Semantically enhanced context aware models for energy-efficient Data Centers

Dr. Tudor Cioara, is an active member Distributed Systems Research Laboratory of the Technical University of Cluj-Napoca. In 2012 obtained his Ph.D. in Computer Science with the thesis "Context aware adaptive systems with applicability in green service centers." Research areas in which he is currently working refers to Context Awareness, Green IT, Ambient Assistant Living and Artificial Intelligence.
Dr. Ionut Anghel, is an member Distributed Systems Research Laboratory of the Technical University of Cluj-Napoca. In 2012 obtained his Ph.D. in Computer Science with the thesis "Autonomic computing techniques for pervasive systems and energy efficient data centres."

With recent technological advancements research efforts are moving towards developing dynamic complex distributed systems such as heterogeneous pervasive environments composed of sensors, actuators, smart devices and software agents which interact and collaborate. As complexity increases and its management becomes a serious issue, new research areas of autonomic computing, reflexivity and self-adaptivity have been developed and integrated into the systems. All these new features require that distributed systems become aware of their execution context and adapt their behaviour to different context situations.

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3rd GEYSER Project Meeting - 21/22 May 2014

Seán Murphy is a Senior Research in the ICCLab at ZHAW. Seán’s main interest is in energy efficiency in cloud computing but he does wear some other hats within ICCLab, including some of the commercialization activities and working on the FP7 XiFi project.

The 3rd GEYSER Project Meeting was hosted by ABB in Dublin in May. The project team spent the two days clarifying detailed requirements of the system and refining the overall GEYSER system architecture, tackling issues around how Data Centres and Smart Cities talk to each other, the role of the Data Centre in a local energy marketplace, what data we will require to implement the advanced control functions we envisage and how this data can be processed to deliver near-optimal control of networked (and non-networked) Data Centres.

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Data Centres in the Urban Landscape - Towards more flexibility in Smart Grids, leading to Smarter Cities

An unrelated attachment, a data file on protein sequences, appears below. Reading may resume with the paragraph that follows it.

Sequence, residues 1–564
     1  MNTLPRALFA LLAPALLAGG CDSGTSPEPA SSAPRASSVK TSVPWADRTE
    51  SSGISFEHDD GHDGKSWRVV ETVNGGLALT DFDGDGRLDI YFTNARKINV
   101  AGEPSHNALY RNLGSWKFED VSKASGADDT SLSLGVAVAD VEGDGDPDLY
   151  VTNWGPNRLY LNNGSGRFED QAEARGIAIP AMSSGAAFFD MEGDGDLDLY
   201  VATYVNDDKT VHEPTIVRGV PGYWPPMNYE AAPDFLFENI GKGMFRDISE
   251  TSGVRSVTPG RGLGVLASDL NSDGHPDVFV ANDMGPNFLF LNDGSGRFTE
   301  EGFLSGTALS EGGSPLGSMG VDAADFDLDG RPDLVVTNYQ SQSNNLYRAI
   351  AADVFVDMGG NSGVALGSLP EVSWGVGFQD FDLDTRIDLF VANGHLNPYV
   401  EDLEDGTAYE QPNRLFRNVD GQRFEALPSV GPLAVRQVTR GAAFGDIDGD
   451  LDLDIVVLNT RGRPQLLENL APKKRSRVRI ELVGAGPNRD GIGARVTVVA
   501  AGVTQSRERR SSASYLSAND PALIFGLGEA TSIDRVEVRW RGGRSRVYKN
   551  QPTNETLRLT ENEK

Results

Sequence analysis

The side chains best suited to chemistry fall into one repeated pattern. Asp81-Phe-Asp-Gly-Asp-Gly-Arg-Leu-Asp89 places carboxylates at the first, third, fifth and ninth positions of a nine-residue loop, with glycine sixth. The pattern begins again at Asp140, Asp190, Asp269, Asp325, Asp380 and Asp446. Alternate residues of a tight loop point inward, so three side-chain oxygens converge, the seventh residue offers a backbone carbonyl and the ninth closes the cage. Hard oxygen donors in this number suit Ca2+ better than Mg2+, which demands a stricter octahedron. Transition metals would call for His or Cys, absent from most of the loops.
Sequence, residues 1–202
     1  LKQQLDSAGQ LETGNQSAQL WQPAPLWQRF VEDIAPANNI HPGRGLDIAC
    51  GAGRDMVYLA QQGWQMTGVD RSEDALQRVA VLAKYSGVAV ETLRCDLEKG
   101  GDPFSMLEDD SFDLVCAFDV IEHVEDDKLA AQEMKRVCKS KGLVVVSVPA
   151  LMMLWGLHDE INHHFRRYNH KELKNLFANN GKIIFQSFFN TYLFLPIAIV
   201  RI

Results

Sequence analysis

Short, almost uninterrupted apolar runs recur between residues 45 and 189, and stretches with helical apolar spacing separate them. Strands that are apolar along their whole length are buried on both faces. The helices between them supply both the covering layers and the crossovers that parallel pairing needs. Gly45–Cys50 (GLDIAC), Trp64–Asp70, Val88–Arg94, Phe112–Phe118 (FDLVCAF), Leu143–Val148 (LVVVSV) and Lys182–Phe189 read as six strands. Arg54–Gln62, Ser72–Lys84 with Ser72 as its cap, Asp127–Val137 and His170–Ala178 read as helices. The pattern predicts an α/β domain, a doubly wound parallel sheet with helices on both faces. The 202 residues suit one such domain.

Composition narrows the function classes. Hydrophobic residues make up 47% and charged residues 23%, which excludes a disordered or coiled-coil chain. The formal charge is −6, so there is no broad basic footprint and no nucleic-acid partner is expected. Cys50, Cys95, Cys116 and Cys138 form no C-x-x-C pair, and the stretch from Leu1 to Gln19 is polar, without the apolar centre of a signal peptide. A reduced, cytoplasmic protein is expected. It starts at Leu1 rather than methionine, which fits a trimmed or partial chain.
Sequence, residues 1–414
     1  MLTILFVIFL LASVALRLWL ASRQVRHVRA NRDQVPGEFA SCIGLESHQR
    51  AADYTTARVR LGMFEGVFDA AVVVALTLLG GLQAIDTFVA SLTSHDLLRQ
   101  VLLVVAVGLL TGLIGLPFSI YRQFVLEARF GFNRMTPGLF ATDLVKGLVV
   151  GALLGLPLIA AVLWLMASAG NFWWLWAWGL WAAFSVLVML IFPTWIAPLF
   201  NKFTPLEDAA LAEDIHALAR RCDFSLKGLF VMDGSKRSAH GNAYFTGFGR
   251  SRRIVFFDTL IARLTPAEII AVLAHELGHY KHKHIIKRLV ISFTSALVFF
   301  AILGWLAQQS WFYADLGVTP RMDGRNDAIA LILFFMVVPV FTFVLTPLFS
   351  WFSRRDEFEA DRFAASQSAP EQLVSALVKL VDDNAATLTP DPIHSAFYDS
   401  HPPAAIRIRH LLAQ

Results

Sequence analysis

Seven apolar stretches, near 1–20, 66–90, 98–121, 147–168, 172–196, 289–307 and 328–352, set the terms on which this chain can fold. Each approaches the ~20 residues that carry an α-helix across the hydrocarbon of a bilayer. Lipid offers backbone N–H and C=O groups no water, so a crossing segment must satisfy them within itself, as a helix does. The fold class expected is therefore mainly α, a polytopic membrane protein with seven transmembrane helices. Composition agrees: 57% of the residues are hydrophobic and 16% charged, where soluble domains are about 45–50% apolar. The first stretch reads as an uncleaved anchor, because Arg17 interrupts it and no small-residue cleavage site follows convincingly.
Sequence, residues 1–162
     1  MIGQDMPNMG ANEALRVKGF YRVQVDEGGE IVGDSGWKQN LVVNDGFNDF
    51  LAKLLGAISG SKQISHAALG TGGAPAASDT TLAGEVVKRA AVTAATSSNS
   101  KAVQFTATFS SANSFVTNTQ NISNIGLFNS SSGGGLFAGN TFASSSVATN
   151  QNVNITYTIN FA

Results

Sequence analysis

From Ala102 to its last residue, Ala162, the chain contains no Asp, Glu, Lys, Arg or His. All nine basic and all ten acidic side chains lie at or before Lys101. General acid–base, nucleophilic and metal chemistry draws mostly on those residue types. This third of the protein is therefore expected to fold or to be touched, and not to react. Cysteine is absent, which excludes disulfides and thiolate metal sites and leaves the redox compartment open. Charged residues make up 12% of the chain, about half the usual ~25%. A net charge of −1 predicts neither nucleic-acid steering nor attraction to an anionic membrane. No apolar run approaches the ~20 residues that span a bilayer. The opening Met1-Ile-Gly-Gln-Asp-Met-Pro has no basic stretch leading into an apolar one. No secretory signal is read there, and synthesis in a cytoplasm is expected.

By Vasiliki Georgiadou, project manager at Green IT Amsterdam; currently, her work and research interests focus on promoting and realizing energy sustainability activities within the IT industry, and especially the data centre sector.

The following thoughts are inspired by a workshop – namesake of this post’s title – organized by Green IT Amsterdam with the participation of professionals spanning the data centre industry, energy providers and public utilities.

We are living in an era of unprecedented change driven by all sorts of technological advancements. And their common denominator is… data; data generated, shared, processed and analysed. The Internet of Things is expected to grow to a staggering 26 billion units installed in 2020, according to a 2013 Gartner report; and that’s excluding PCs, tablets and smartphones.

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Real-time energy monitoring: The benefits for data centers

Anthony Schoofs is currently CTO of Wattics Ltd, and is behind, a blog covering news on smart grid, smart cities and green technology.

The function of data centers within our modern society, long considered as black box utilities to house and manage data pertaining to various organisations, is moving to a more active role. The future outlook involves seamless integration within the smart grid and smart cities in order to enable new energy efficiency paradigms, as investigated within the GEYSER EU FP7 project.

Whether a data center initiates load migration to process IT load at the lowest cost or a market operator triggers a data center to provide electricity to the grid, decision-making will require measurement of the data center’s internal energy context. Traditional point-in-time and low-frequency sampling approaches to power monitoring have proven to be limited for optimised control over migration processes and demand response, as these cannot rely on ‘past’ data.

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GEYSER - Green nEtworked data centers as energY proSumers in smaRt city environments
Work partially supported by European Community under the SMARTCITIES-2013 call of the 7th FP for RTD - project GEYSER, contract 609211.
The Author is solely responsible for the content of this paper. It does not represent the opinion of the European Community, and the European Community is not responsible for any
use that might be made of data appearing therein.

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